There were 144 hitters who hit between .320 and .330. Of those, 118 (82%) saw their batting average decline. They hit, on the average, .301 the next season. And so on.

Here, let’s try one of those visualization exercises.

The chart was derived by splitting all hitters into groups of 10 points of batting average apiece, as we were doing above, and comparing the group’s average BA from one year to the next. We know about the tendency for very high batting averages to decline, but it’s not until a hitter is down to .275 or so that we don’t need to worry much about regression. Conversely, if a hitter is much below .260, he’s a good bet to improve. While there are some selection bias problems in play here–not every .220 hitter is going to be invited back for another go–the phenomenon certainly cuts both ways.

The next question–and you can probably guess the answer–is whether other offensive statistics exhibit the same pattern. Using the same grouping approach, here’s the isobar chart for walk rate.

Walk rate is more stable from year-to-year than batting average. It regresses to the mean, but not as much, which is evident from the flatter bars.

Here’s isolated power, which is somewhere in between.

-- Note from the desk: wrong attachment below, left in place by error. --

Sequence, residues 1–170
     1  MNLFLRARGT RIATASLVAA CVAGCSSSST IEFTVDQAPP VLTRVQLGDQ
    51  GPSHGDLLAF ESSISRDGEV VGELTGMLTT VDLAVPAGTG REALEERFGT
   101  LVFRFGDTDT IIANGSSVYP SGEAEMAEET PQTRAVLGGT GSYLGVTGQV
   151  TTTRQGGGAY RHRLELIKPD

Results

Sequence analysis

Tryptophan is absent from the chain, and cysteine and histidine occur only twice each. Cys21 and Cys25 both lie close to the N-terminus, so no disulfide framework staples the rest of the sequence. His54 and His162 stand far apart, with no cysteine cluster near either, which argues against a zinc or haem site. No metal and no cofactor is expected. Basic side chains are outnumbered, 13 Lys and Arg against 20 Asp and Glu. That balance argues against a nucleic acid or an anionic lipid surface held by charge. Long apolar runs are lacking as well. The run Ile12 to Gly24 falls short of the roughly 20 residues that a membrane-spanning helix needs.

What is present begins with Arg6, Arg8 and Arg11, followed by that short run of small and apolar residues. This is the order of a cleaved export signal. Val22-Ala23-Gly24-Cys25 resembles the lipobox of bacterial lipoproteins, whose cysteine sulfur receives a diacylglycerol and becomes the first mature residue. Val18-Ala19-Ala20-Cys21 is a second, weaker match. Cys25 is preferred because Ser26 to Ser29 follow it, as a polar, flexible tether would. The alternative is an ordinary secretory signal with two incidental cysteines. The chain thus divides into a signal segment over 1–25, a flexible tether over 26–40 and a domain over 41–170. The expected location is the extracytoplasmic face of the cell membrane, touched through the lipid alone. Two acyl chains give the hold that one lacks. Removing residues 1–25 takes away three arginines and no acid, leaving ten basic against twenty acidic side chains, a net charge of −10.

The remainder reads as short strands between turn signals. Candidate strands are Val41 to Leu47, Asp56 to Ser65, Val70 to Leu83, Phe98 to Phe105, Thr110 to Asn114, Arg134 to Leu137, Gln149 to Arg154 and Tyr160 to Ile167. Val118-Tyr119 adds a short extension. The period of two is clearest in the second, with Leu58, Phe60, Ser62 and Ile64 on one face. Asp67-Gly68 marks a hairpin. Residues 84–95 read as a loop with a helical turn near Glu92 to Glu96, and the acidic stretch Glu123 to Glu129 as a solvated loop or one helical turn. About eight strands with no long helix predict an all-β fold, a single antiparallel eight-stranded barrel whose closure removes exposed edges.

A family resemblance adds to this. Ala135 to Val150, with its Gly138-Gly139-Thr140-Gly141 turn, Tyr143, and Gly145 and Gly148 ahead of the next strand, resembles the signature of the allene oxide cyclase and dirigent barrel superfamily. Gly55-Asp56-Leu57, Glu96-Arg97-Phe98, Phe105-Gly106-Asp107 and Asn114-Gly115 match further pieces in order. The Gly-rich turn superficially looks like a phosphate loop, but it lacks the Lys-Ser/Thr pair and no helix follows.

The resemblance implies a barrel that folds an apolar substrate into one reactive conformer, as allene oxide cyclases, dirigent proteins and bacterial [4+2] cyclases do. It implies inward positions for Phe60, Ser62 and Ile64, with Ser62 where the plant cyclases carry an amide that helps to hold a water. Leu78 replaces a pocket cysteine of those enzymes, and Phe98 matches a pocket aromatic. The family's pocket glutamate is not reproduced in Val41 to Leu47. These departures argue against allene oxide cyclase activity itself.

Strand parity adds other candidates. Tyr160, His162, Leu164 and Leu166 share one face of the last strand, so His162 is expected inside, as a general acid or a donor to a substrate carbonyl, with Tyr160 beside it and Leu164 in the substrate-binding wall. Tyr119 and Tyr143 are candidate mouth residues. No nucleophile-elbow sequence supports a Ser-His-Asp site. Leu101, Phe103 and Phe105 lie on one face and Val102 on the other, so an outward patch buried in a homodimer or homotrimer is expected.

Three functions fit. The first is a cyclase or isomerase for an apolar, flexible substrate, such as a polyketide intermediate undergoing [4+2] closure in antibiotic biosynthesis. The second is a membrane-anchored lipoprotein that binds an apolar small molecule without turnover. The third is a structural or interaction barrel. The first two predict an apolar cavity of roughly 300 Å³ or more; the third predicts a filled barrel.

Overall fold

The chart is actually somewhat asymmetrical–a hitter coming off an extremely good power season can expect to drop-off more profoundly than a hitter coming off an extremely poor power can expect to rebound. Still, isolated power is substantially more stable than batting average; for our group of hitters, the year-to-year correlations were .78 and .49, respectively.

I suspect that, in a refreshing turn of events, a lot of the good BP readers out there are going to think this is a rather superficial analysis, but really that’s the point. Regression to the mean isn’t some lofty concept or novel idea–it’s the cold hard fact. If a hitter hit .340 or better last year, odds are more than 90% that he’ll experience a drop-off in the following season. That’s somewhere alongside a Color Me Badd video on the opposite side of subtle, and it needs to be accounted for when evaluating players.

Randomness–catch the fever! God may not roll dice, but I’m pretty sure he’s in one of Joe Sheehan’s Strat leagues (he’s the one who took a flier on Runelvys Hernandez).

I’m not on a word count, but…

  • I was going to write some clever, PECOTA-friendly article about Mike Piazza‘s potential position shift this week, but there just isn’t the data to work with. There are a few famous catchers who switched positions late in their careers–Johnny Bench‘s name is always mentioned, and you’ve also got Yogi Berra and Ted Simmons (only Berra experienced much sustained success after his shift). But there aren’t very many, and the reason is really very simple–in most cases, it just ain’t worth it. Mike Piazza will be the best hitter on the Mets no matter what position he plays. That almost never happens; nobody was yearning to extend Andy Allanson‘s career.

    I’m not saying there isn’t a defensible, quantitative way to answer the question, the chewy part of which isn’t what effect the move would have on the Mets (Vance Wilson < Tony Clark) but what effect it would have on Piazza. I am saying that I haven’t been able to come up with one.

    But really, it’s more of a medical question. Catching is hazardous to a player’s health. If you quit smoking at age 34, how much of the damage is reversible?

Thank you for reading